Seek­ing an­swers on Flint’s disas­ter

Chicago Sun-Times - - OPINION - JOHNW. FOUN­TAIN Email: au­thor@johnwfoun­tain.com Fol­low the jour­ney on Twit­ter: #RUinFlint

Poi­soned. An Amer­i­can city. Amer­i­can tragedy. This should be the nightly lead story: The voices of those gasp­ing for air in a sea of suf­fer­ing at the hands of a man­made disas­ter.

City of Flint, Michi­gan. Pop­u­la­tion: 99,002. Com­mu­nity in cri­sis.

Con­tam­i­nated wa­ter. Chil­dren ex­posed to tox­ins. Ingest­ing lead.

Hurt. Be­trayal. Anger. En­vi­ron­men­tal racism. So­cial in­jus­tice. More ques­tions than an­swers.

And the beat goes on: Poor peo­ple of color left to swim in a toxic soup cre­ated ap­par­ently by greed and by pol­i­tics, and an un­healthy heap of marginal­iza­tion and ne­glect. A per­fect recipe for disas­ter.

Some are call­ing it mur­der. Oth­ers geno­cide.

What­ever it is, it is a hu­man story. A story I will travel with a group of jour­nal­ism stu­dents to cover this week­end as part of the cap­stone un­der­grad­u­ate course I teach at Roo­sevelt Univer­sity. We call this piece of our pro­ject Faces of The Poi­soned.

The Flint story begs for the voices of those most im­pacted to con­tinue to be heard. We hope to chron­i­cle some of them: those whose chil­dren bear skin rashes from the poi­son; those whose chil­dren or grand­chil­dren have been de­vel­op­men­tally stunted from ingest­ing lead. Those who have wit­nessed the ad­vent of Le­gion­naires dis­ease, or the symp­toms of Alzheimer’s or other ail­ments since Flint’s wa­ter cri­sis, and who sus­pect that it must all have some­thing to do with the wa­ter— poi­son wa­ter.

It is a grim por­trait. An Amer­i­can Heart­land city, where a on­ce­flour­ish­ing au­to­mo­tive in­dus­try sym­bol­ized Amer­i­can hope and prom­ise, it is now en­veloped in a yet-to-be re­solved cri­sis, where there is one thing no one can guar­an­tee from the tap: a clean cup of wa­ter. The cri­sis has sum­moned a hu­man­i­tar­ian re­lief ef­fort na­tion­wide to de­liver hun­dreds of thou­sands of cases of bot­tled wa­ter.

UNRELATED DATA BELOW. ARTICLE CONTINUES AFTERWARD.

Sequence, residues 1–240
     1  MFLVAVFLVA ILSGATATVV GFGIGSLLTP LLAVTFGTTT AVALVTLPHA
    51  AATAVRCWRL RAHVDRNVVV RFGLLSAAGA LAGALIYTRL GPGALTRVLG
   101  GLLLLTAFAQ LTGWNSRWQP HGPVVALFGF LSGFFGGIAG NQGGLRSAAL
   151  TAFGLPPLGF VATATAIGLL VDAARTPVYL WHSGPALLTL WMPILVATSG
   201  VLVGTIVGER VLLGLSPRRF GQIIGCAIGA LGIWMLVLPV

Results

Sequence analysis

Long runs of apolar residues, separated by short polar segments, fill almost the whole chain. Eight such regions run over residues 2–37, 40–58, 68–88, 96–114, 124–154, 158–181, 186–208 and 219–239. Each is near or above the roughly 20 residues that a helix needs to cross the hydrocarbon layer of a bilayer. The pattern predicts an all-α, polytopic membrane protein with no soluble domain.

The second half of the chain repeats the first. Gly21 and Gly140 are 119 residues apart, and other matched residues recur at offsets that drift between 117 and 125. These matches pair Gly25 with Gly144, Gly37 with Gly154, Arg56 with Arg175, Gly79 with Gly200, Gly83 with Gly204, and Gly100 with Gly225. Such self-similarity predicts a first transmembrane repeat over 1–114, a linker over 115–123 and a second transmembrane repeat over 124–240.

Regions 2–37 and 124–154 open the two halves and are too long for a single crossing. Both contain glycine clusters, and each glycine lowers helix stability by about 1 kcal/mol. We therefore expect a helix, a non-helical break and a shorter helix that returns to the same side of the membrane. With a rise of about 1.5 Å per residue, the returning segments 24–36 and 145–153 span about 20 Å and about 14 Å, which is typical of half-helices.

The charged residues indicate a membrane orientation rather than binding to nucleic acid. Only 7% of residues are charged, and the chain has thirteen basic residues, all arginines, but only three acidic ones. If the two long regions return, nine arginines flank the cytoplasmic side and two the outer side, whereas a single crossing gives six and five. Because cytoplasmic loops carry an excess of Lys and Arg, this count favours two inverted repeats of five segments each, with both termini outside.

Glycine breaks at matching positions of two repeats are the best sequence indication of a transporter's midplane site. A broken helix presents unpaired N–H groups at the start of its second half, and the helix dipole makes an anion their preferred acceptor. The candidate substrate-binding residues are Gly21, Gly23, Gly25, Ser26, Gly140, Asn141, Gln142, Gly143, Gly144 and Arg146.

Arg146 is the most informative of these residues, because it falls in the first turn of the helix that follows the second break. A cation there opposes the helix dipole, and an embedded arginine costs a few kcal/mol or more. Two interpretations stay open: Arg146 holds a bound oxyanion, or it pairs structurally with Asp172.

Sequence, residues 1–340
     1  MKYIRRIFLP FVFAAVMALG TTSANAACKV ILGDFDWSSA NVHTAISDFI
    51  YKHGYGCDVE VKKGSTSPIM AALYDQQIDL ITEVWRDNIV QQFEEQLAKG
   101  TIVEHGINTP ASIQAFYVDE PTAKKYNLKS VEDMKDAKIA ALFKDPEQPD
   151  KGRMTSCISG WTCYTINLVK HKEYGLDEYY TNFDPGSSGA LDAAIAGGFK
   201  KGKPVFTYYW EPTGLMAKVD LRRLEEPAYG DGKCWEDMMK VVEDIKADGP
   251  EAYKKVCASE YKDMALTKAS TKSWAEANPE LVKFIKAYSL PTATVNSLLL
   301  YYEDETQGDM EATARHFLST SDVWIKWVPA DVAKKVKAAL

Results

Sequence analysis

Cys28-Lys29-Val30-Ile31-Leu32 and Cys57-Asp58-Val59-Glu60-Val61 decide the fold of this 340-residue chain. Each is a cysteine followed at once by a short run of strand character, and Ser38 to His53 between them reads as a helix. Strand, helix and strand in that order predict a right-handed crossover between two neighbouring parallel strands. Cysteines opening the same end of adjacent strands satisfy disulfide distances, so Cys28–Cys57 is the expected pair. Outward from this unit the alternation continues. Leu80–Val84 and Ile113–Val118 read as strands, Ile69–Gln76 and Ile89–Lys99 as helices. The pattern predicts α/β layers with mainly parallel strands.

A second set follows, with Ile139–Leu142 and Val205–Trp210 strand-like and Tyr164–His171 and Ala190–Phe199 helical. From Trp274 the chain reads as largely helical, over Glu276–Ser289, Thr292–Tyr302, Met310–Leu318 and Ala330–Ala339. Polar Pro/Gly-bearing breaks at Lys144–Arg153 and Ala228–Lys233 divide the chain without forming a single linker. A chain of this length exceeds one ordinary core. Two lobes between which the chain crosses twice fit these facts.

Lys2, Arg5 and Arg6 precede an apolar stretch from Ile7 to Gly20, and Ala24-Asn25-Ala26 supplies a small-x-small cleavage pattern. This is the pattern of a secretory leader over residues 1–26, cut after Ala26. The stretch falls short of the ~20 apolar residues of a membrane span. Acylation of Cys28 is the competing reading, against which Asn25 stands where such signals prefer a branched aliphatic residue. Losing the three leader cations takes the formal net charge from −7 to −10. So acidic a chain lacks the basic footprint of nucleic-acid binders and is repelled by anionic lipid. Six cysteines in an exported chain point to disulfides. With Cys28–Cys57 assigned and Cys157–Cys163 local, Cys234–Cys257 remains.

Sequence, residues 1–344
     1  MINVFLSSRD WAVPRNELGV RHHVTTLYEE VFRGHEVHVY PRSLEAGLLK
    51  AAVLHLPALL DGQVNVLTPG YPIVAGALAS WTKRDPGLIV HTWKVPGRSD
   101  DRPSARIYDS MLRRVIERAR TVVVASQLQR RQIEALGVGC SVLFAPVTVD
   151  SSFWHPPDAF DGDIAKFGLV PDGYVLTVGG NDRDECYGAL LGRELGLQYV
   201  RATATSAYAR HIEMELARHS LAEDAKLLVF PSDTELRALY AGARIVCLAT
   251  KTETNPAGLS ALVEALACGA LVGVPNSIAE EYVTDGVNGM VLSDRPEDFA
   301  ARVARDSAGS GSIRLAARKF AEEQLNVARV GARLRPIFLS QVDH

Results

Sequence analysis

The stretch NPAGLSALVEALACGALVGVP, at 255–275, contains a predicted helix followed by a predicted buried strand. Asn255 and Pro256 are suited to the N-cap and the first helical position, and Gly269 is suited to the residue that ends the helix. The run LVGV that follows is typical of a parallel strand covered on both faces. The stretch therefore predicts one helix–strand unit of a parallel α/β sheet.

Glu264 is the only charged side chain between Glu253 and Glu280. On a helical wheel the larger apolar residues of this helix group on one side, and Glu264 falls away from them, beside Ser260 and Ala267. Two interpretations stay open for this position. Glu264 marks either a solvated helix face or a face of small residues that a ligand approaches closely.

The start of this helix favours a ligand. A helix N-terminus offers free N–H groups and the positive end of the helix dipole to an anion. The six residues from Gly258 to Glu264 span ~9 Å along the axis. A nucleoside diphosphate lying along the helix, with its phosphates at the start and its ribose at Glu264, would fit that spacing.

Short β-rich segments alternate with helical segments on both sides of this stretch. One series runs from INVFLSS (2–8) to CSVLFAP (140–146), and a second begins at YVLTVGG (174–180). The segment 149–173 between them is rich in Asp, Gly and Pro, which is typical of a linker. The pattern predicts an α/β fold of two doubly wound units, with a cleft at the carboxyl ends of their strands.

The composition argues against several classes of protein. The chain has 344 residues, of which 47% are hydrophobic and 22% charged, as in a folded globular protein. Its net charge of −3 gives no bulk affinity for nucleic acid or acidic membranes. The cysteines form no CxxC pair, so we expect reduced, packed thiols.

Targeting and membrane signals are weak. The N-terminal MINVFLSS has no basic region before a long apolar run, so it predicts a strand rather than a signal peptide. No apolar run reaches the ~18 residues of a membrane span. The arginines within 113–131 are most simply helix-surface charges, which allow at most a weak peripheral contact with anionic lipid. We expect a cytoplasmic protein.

Not in a third-world coun­try. Home­town, USA.

Flint is 57 per­cent black, and 42 per­cent of the pop­u­la­tion live in poverty.

In 2014, Flint switched its wa­ter sup­ply from Detroit’s wa­ter util­ity while a new pipe­line was be­ing con­structed. Flow­ing through leach­ing lead pipes cor­roded by the pol­luted Flint River, the poi­son­ing en­sued, ac­cord­ing to of­fi­cials.

Flint’s res­i­dents— the young and the el­derly— drank lead-laden wa­ter. Bathed in it. Show­ered in it. Cooked with it. Washed dishes in it. And in fact, con­tinue to pay the bill for it.

It has left chil­dren with rashes, with de­vel­op­men­tal dis­abil­i­ties and also left this Mid­west city to lan­guish. In Jan­uary, Pres­i­dent Barack Obama de­clared the cri­sis in Flint a fed­eral emer­gency.

And yet, there is still a feel­ing across the city— based on our re­port­ing so far— that not enough is be­ing done. Sto­ries that some peo­ple, like un­doc­u­mented im­mi­grants, can’t get wa­ter from some wa­ter dis­tri­bu­tion cen­ters be­cause they don’t have ID. Sto­ries that some home­bound el­derly, or oth­ers who lack trans­porta­tion, have trou­ble get­ting wa­ter.

Sto­ries about the valiant and com­pas­sion­ate re­sponse of the faith com­mu­nity na­tion­wide. About vol­un­teerism and about lo­cal busi­nesses strug­gling to stay afloat. Hu­man sto­ries.

All are sto­ries we hope to cap­ture in sight and sound— and also as writ­ten nar­ra­tives— to be as­sem­bled at se­mes­ter’s end as an on­line mul­ti­me­dia pro­ject.

Hon­estly, it wasmy stu­dents who came up with the idea to cover Flint and who cre­ated this se­mes­ter’s pro­ject theme: “En­vi­ron­men­tal and So­cial Jus­tice & Youth Ac­tivism.”

And it is my stu­dents who be­lieve that— with a fresh set of eyes, by their jour­nal­is­tic search for truth and facts, and also with their be­lief in so­cial jus­tice and the need to hu­man­ize the story— they might make some small dif­fer­ence.

This is their lead story: Faces of The Poi­soned.

| GE­OFF ROBINS/AFP/ GETTY IM­AGES

The FlintWater Plant

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